I am of the rare camp that actually likes going grocery shopping, so going to a supermarket in Seoul is loads of fun for me. Look at this array of yogurt drinks. It totally reminds me of when I was little and would visit my grandparents' place in Seoul and we'd hear the echo of the yogurt lady as she went floor by floor of the apartment building. My cousins and I would rush to the door whenever we heard her and request bottles of bottles of yakult (야쿠르트). Anywhoo, clearly the selection has definitely increased since then.
Since they started importing or making yakult in the states, it no longer holds the same fascination. So now I've directed that energy into consuming lots and lots of yogurts and flavored milks whenever I'm in Korea. They have so many different kinds and they are all so yummy. My cousins buy a bunch of the mochachino milk drinks to take back to the states whenever they leave. I rarely drink milk in the states, but I guzzle so much milk and dairy products in Korea I'm surprised I haven't turn into a baby cow.
Here's their selection of canned tuna and Spam. What would Koreans do without Spam?
Here's a Spam wannabe. "Curry Pam" and "Spicy Pam." Clearly Koreans love their Spam and Pam products.
Boxed individual servings of soju ... as if they really needed to give people more reason to carry around juice boxes of soju.
You better believe Jung bought a whole bunch of these to take back to the states, along with probably 30 liters of makgeolli (Korean rice wine) and other liquor that he claims he can't get in the states. Soju by the way is really cheap here. Like $1 a bottle at the market, which is the price of my banana milk. No wonder people drink so much booze here. Soju is supposed to be distilled from fermented grain, but most brands use highly distilled ethanol, dilute it with water and add some sugar or aspartame. The real stuff, as Jung claims, comes from the city of Andong. We unfortunately discovered this fact after he left and I had no such luck finding Andong soju at our neighborhood market to bring back for him. Here's a peek of different makgeollis at the market, it's really popular in Korea these days. They have all sorts of different flavors too, ranging from sweet potato to pine nuts to even root vegetables. FYI - the root vegetable one is weird.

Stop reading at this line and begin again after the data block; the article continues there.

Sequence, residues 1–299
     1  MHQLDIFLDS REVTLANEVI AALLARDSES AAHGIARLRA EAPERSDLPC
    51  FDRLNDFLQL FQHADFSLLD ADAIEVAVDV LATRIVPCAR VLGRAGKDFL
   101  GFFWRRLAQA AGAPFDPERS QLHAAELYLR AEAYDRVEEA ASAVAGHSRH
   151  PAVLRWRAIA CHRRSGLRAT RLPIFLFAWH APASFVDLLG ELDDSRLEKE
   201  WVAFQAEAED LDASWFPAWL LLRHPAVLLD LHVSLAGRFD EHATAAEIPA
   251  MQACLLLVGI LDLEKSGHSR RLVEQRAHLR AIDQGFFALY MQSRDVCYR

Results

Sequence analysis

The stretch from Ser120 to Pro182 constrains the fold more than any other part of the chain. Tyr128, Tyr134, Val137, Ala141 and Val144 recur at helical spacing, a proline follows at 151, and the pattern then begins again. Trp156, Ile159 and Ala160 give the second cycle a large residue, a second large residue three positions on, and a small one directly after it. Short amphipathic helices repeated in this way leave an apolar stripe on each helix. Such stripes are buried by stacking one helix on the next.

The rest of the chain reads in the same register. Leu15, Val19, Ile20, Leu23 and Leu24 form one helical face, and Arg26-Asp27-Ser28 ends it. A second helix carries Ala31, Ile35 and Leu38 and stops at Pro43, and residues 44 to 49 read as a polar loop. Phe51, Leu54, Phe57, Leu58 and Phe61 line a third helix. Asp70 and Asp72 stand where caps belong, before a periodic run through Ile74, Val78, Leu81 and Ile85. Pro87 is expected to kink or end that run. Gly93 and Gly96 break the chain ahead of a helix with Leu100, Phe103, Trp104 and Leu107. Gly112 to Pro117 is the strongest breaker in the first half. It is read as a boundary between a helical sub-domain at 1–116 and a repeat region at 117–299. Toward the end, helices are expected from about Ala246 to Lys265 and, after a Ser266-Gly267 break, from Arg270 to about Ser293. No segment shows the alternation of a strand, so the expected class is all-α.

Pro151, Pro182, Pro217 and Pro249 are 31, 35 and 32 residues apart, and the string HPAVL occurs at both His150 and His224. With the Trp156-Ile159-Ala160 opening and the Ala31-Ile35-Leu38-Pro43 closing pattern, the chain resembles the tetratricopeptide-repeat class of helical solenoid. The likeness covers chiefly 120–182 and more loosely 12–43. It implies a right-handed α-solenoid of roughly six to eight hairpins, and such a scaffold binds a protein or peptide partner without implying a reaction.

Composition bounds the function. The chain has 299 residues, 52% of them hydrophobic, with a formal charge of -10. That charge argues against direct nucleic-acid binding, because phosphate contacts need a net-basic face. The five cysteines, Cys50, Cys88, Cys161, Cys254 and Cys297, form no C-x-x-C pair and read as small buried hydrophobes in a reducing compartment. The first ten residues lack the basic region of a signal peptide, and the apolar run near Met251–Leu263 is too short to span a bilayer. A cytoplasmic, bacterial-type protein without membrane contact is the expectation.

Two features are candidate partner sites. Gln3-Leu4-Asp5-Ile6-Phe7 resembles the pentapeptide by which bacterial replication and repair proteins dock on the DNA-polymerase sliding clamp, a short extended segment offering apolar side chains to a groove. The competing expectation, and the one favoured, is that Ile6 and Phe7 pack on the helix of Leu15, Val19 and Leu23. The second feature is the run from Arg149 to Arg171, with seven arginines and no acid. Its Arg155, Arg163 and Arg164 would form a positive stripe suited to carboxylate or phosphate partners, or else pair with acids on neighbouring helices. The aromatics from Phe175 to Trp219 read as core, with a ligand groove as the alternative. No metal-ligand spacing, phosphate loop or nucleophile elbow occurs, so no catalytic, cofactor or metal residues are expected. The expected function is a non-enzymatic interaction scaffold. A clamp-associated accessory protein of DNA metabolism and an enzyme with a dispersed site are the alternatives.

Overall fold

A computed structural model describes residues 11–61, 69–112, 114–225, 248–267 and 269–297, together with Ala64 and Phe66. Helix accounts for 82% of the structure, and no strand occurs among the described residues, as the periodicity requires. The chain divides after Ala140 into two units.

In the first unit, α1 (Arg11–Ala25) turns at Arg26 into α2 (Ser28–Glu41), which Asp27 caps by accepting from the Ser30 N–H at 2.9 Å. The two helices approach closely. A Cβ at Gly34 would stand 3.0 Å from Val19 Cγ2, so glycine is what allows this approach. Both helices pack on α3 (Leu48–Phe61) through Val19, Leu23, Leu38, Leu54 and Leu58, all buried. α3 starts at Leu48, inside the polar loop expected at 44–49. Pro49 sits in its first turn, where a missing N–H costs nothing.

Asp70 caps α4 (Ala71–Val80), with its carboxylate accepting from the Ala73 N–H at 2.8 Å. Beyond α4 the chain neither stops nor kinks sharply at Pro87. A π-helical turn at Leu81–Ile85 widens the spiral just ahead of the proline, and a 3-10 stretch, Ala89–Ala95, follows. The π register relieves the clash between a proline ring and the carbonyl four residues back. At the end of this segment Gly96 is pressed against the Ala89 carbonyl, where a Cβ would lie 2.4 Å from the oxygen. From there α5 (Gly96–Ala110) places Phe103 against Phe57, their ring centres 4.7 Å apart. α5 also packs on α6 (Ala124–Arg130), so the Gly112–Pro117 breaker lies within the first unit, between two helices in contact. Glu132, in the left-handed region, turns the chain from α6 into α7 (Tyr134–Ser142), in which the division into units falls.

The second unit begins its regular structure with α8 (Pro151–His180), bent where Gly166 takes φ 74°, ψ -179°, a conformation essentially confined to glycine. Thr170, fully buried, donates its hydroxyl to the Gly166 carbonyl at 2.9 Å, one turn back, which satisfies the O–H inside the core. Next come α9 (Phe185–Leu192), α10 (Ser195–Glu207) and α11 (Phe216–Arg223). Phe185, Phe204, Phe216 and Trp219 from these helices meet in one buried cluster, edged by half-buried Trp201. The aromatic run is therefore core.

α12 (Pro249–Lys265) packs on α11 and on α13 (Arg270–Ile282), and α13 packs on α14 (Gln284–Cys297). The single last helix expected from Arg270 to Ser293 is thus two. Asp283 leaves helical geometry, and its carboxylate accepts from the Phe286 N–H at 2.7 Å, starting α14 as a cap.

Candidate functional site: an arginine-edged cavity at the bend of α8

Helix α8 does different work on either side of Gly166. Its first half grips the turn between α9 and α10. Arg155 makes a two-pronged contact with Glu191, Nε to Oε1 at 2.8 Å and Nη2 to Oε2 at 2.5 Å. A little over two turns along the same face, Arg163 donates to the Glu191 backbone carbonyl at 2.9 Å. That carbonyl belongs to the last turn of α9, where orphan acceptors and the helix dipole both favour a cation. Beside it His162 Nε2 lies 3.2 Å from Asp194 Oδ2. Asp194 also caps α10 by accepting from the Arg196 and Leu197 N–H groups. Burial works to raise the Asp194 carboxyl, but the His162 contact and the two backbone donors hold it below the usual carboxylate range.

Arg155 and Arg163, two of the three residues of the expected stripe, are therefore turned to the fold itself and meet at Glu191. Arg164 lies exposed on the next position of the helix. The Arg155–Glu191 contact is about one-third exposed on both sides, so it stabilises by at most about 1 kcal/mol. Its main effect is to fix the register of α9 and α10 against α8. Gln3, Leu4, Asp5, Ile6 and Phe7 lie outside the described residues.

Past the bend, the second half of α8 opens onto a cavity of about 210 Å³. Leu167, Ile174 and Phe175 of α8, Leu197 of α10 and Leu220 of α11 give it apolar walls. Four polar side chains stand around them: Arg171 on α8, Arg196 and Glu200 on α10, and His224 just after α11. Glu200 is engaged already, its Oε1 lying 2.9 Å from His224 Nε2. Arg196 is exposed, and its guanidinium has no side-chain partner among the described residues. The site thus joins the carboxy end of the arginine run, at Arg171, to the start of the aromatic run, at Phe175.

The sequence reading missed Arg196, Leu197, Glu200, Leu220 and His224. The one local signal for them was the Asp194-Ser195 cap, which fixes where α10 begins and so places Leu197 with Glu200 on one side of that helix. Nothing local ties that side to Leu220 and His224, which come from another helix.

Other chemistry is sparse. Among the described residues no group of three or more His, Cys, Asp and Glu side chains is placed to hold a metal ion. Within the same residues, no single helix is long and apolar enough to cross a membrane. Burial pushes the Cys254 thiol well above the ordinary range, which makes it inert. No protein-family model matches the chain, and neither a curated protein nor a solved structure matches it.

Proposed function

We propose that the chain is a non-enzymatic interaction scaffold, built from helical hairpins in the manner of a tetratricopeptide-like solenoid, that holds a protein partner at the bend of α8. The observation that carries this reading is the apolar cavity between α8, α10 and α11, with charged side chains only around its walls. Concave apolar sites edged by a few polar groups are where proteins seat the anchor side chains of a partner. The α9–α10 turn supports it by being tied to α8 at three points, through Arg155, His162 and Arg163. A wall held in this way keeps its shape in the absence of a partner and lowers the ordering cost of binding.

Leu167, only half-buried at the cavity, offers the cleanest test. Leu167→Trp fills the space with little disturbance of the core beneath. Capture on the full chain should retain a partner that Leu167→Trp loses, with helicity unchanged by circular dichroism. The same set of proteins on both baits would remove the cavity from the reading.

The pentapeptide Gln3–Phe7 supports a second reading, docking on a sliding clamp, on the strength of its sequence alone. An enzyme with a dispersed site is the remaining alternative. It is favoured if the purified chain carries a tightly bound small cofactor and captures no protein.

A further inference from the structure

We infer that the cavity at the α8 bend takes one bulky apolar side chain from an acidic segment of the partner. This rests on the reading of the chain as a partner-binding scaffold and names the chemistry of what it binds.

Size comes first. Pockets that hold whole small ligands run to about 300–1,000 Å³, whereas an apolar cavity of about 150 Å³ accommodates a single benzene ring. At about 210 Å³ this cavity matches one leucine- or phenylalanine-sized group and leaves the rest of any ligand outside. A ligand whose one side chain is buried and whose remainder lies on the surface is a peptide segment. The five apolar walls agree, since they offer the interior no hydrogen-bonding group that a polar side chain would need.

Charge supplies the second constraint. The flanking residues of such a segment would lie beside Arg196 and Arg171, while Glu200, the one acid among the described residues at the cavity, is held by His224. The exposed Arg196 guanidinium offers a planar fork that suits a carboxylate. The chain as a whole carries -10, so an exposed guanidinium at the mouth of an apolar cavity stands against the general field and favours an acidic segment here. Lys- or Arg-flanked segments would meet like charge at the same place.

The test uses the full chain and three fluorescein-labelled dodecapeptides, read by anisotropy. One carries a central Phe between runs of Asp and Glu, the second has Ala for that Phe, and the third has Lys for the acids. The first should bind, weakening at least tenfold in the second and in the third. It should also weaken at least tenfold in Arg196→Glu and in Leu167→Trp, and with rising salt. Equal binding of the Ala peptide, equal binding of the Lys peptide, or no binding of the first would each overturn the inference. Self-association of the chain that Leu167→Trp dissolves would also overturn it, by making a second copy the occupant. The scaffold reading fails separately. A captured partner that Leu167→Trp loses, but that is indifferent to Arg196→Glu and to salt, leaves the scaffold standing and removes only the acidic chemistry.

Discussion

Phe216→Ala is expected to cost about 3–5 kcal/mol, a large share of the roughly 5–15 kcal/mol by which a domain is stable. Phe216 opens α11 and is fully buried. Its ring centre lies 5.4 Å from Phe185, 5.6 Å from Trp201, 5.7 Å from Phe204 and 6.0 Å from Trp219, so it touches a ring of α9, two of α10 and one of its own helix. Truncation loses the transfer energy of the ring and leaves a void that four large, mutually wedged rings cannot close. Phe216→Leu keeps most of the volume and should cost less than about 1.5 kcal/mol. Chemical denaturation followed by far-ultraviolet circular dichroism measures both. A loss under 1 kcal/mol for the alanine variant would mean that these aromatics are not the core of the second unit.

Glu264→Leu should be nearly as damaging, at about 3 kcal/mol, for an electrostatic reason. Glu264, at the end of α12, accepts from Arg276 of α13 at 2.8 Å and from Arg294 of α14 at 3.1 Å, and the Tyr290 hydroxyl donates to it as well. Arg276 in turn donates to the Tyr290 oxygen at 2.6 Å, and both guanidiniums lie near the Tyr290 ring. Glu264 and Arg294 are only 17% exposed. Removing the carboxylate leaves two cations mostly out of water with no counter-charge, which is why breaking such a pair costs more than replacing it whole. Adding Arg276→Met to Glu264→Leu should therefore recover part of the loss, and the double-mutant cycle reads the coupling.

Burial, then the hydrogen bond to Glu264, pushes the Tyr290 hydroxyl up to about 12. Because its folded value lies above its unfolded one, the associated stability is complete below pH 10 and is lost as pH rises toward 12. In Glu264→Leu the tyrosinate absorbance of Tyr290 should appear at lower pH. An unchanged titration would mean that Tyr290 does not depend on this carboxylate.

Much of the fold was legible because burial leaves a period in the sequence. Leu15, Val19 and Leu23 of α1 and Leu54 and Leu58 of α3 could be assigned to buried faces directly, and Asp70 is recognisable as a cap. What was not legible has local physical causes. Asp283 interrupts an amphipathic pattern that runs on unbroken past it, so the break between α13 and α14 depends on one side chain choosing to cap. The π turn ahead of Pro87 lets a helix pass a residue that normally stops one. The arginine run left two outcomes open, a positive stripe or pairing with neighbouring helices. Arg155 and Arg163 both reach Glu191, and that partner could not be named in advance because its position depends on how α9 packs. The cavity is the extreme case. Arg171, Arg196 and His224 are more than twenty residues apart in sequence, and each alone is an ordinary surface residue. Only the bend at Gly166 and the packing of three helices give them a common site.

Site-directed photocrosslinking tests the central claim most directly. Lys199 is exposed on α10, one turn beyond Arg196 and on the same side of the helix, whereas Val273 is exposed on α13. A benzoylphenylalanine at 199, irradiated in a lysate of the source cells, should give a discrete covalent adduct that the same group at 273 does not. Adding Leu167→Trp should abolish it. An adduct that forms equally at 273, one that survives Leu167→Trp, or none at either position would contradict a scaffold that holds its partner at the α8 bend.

Fruits and vegetables at the supermarket are packaged super fancy because they are quite expensive if you purchase them at the supermarket and even more so if you're at the department store's supermarket.
Look at the melons and pineapples craddled like delicate eggs. The price of one melon with a ribbon on top. $20. I kid you not.
One mango imported from Thailand was 10,000 won, which is about $8. Craziness.
Korean department stores are pretty over the top in general, if you couldn't tell already. I am a lover of the H2O but even I wouldn't go to a water bar.